- Delivered current

- Loosely based on semantics
- Define schemas S as union of class and property sets
- Define an RDF store as union of schemas and corresponding instance triples
- Edge weight is the sum of the heuristic values

- More specific classes and properties convey more information
- Specificity of property pi:
- d(pi) is the depth of pi
- d(pi) is the depth of the branch containing pi

- Specificity of class cj:
- d(piH) is the depth of cj
- d(piH’) is the depth of the branch containing cj

- Rare facts are more informative than frequent facts
- Define a type of an statement RDF <s,p,o>
- Triple π= <Ci,pj,Ck>
- typeOf(s) = Ci
- typeOf(t) = Ck

- Triple π= <Ci,pj,Ck>
- | π | = number of statements of type π in an RDF instance base
- ISP for a statement:σπ = 1/|π|

- π = <Person, lives_in, City>
- π’ = <Person, council_member_of, City>
- σπ =1/(k-m) and σπ’ = 1/m, and if k-m>m then σπ’> σπ

- RDF allows Multiple classification of entities
- Possibly classified in different schemas
- Tie different schemas together

- Refraction [3] measures how well a path conforms to a schema
- Indicative of anomalous paths

- SPAN favors refracting paths

v2

v1

v3

- Schema classifications for u:
- {A}

- Schema classification for v1
- {A,B}

- Schema classification for v2
- {A}

- Schema classification for v3
- {A,B,C}

- Order to favor: v3, v1, v2

A

u

B

C

SchemaCover(v) =

- m schemas
- How many schemas does v cover?
- How many schemas does (u,v) cover?

v1

B

v2

u

A

C

SchemaCover(u’)={A,B}

SchemaCover(u’)={B}

SchemaCover(u’)={A,B}

SchemaCover(u’)={B,C}

- α(u,v1) = α(u,v2)
- But, more schemas are covered along (u’,u,v2) than along (u’,u,v1)

u’

- Schema difference between nodes
SDiff(u,v) = |SchemaCover(v)-SchemaCover(u)|

- Cumulative schema difference
- For a two hop path (u’,u,v)
CSDiff(u,u’,v) = 1+SDiff(u, v) +SDiff(u’, v)

- For a two hop path (u’,u,v)

- Obstacle:
- Few publicly available datasets
- Many contain sensitive information

- Datasets do not reflect real-world distributions

- Few publicly available datasets
- Solution:
- Developed synthetic instance base
- Ability to control characteristics
- Entities classified by 3 schemas

- Insider trading example
- Fraud investigator is given:
- Stock in Ent_Co_9991 plummeted
- Prior to price drop:
- Capt_8262 sold all shares
- Actor_5567 sold 70% of shares

- Why did they both sell so many shares so quickly?

Business

works_for

Ent_Co_9991

Director_9402

Ent_Co_9982

on_board_of

on_board_of

directed_by

on_board_of

Auto_Co_7734

Trustee_9714

produces

Movie_7560

Product_9306

acts_in

Executive_9823

endorses

endorses

owns

Actor_5567

Team_8304

Entertainment

coaches

Assist_Coach_9657

leads

Sports

Capt_8262

r (Actor_5567, Capt_8262)

- 30 queries over synthetic dataset
- Evaluation averaged over all queries

- Evaluation:
- All queries
- Separate query types

- ρ-graphs for all combinations of heuristics
- 4 heuristics 24 16 possible settings

- Need objective measure ρ-graph quality
- 3 ranking schemes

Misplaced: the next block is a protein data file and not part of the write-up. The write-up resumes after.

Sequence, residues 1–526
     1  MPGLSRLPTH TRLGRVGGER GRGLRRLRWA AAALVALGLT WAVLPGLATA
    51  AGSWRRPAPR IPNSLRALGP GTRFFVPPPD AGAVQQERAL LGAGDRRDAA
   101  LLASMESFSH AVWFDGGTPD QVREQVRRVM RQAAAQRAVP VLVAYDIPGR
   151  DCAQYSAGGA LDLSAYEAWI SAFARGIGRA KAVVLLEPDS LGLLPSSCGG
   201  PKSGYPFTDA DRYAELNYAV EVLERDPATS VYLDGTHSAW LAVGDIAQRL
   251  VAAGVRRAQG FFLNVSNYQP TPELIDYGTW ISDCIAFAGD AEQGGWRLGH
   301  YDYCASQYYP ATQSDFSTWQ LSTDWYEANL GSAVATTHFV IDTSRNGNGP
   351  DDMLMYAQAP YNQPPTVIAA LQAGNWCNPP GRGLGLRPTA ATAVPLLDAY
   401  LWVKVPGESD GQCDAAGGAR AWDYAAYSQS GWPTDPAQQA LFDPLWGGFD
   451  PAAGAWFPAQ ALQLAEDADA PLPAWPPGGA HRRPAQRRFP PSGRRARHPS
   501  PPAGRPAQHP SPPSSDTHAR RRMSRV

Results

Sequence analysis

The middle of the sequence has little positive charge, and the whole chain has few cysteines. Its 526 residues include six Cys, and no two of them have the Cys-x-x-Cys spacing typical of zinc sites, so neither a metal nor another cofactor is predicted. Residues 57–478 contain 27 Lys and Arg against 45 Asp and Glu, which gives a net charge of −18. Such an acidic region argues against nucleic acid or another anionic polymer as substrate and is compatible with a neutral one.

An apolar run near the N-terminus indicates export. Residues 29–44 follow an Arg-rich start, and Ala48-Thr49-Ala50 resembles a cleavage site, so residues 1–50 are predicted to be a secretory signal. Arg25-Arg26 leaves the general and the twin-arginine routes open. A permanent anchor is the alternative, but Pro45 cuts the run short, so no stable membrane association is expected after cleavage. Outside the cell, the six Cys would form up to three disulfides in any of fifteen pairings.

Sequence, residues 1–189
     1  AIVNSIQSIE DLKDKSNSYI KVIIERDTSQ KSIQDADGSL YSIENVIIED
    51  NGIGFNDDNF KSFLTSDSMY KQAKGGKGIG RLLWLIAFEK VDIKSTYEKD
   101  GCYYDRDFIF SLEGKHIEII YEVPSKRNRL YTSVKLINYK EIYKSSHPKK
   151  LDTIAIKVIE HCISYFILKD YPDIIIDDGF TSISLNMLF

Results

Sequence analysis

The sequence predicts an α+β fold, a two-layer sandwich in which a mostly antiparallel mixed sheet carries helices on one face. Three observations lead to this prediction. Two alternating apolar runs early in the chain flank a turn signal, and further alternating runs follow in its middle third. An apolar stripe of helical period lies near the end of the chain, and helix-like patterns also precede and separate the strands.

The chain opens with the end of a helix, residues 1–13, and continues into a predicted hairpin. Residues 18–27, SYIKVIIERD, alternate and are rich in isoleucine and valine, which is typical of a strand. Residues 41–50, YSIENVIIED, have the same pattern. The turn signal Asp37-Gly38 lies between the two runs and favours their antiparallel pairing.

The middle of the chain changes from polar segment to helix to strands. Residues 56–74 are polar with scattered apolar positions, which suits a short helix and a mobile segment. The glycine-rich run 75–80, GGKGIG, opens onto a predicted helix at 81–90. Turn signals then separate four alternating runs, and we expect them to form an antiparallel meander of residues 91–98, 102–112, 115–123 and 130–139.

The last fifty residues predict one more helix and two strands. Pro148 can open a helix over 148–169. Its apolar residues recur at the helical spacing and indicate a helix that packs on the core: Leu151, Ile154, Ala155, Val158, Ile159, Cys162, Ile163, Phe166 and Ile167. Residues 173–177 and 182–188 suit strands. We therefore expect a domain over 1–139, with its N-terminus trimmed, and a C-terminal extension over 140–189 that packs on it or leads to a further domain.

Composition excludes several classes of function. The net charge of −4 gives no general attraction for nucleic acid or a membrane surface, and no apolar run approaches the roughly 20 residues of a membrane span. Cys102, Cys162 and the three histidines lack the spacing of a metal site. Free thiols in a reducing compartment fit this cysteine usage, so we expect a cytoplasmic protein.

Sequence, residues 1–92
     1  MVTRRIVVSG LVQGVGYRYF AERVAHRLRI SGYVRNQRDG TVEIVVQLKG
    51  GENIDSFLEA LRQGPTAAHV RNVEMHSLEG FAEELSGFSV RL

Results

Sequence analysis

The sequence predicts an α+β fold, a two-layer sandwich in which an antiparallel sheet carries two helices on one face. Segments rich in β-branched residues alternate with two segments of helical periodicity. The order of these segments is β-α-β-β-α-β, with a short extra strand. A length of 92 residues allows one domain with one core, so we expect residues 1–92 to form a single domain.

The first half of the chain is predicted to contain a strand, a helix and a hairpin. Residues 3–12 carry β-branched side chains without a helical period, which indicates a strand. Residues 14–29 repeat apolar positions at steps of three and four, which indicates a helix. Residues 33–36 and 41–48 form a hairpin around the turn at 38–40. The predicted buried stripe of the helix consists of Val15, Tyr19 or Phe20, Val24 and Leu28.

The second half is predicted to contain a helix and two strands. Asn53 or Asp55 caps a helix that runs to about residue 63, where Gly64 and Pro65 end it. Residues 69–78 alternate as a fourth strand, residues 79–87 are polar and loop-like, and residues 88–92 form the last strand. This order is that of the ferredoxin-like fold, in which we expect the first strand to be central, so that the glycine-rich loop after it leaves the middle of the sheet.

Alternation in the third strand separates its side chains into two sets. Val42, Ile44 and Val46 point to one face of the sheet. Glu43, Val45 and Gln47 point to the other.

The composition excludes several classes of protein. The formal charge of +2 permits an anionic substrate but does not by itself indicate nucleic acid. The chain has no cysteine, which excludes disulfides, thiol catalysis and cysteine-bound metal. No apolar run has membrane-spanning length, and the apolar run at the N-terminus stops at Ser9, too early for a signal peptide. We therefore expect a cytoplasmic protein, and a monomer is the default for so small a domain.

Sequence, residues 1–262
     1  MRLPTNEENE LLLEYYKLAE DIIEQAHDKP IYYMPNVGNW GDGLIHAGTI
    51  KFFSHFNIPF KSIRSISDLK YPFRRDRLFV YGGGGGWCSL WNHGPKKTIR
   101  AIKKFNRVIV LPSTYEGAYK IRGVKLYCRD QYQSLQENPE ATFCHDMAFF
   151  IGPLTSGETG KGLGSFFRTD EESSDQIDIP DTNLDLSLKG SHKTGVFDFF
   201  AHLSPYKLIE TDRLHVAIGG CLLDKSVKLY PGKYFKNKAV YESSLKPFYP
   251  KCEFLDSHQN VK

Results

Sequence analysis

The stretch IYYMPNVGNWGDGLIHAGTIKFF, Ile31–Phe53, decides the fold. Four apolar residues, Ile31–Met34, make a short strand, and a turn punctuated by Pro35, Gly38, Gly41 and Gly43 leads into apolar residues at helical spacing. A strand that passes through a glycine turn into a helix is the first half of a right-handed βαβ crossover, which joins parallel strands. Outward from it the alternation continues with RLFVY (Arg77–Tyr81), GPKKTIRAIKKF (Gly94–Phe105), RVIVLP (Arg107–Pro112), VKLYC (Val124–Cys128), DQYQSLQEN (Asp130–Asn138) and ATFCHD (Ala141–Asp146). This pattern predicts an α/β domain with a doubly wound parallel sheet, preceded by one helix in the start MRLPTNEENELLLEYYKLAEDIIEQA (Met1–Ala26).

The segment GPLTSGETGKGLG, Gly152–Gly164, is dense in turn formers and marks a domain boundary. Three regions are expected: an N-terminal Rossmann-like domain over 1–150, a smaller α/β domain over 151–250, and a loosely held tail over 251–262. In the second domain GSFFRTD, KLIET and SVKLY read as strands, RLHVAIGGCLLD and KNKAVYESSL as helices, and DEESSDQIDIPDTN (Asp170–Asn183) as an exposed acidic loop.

- User specified criteria: [1]
- rarity of an association type: RarityRank
- Relevance model: [3]

- How well “ranked” is a ρ-graph?
- Compare to each ranking scheme

- FGPathsk:
- Set of all paths found in k-hop limited search
- CGPathsk: paths in candidate ρ-graph
- DGPathsk: paths in display ρ-graph

- Use k = 9 for feasible path enumeration
- 60 million paths when k = 13

- Compare ρ-graph to FGPaths9

- Score each path, pcandidate CGpath9:

score(pcandidate) = |FGRankedPaths| - rank(pcandidate)

- Score a Candidate ρ-graph, Q(CGPaths9):

- 30 queries over synthetic dataset
- 15 intra-domain queries
- 15 inter-domain queries

- Quality averaged over all respective queries
- Compute Candidate ρ-graph quality for each type

- Compute a Pseudo Display ρ-graph:
- Given budget b
- Start with an empty subgrpah
- Enumerate paths in FGPaths9
- Add successive paths to subgraph
- Stop when subgraph contains b nodes

- Score each path, pdisplay DGpaths9:

score(pdisplay) = |FGRankedPaths| - rank(pdisplay)

- Score each path, pdisplay DGpaths9:

- 5 successive Display ρ-graphs
- Compute the first Display ρ-graph as usual
- Compute the second Display ρ-graph by starting with the next path of maximum delivered current
- Continue in this manner

- Intuition:
- Cumulative flow should decrease successively
- Quality should decrease successively

- Computed time for Candidate ρ-graph search
- Candidate ρ-graph generation and subsequent exhaustive search

- Computed time for exhaustive search over full graph
- Bidirectional join algorithm for search
- Database of triples (and corresponding inverses)
- Secondary indexes on triple endpoints
- Joined the table with itself in opposite directions

- Averaged time for all 30 queries and all 16 settings of heuristics

- Developed heuristics loosely based on semantics for semantic association discovery
- Applied heuristics to compute edge weights
- Presented empirical evaluation of sugraph generation algorithms

- Adapted algorithms in [4]:
- Use degree(u) + degree(v) in distance measurement
- Allowed by main-memory RDF representation

- Apply algorithms to graphs with multiple edge types
- Compute edge weights using semantic based heuristics

- Use degree(u) + degree(v) in distance measurement

- Use closeness centrality for Candidate ρ-graph algorithm
- Expand the next pending node which is closest to the given endpoints

- n-point operator
- Compute a relevant subgraph given n endpoints

- Formalize the notion of context
- Context-aware subgraph discovery
- Define context based on query results

- Evaluate based on distance thresholds
- Given a threshold for maximum distance of a path
- Compare two sets of paths:
- All paths in a ρ-graph not exceeding the threshold
- All paths in the full graph not exceeding the threshold

- What is the quality of such paths in the ρ-graph?

Question & Comments

Thank You!